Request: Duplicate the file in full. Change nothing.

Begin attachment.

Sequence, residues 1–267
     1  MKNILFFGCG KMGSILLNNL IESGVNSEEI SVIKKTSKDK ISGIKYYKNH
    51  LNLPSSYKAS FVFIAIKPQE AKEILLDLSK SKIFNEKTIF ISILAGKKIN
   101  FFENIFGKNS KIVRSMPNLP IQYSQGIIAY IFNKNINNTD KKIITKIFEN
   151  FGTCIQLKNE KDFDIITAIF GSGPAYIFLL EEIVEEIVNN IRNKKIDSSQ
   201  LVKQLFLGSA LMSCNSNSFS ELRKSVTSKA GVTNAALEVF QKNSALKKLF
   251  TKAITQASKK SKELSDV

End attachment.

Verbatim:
Sequence, residues 1–267
     1  MKNILFFGCG KMGSILLNNL IESGVNSEEI SVIKKTSKDK ISGIKYYKNH
    51  LNLPSSYKAS FVFIAIKPQE AKEILLDLSK SKIFNEKTIF ISILAGKKIN
   101  FFENIFGKNS KIVRSMPNLP IQYSQGIIAY IFNKNINNTD KKIITKIFEN
   151  FGTCIQLKNE KDFDIITAIF GSGPAYIFLL EEIVEEIVNN IRNKKIDSSQ
   201  LVKQLFLGSA LMSCNSNSFS ELRKSVTSKA GVTNAALEVF QKNSALKKLF
   251  TKAITQASKK SKELSDV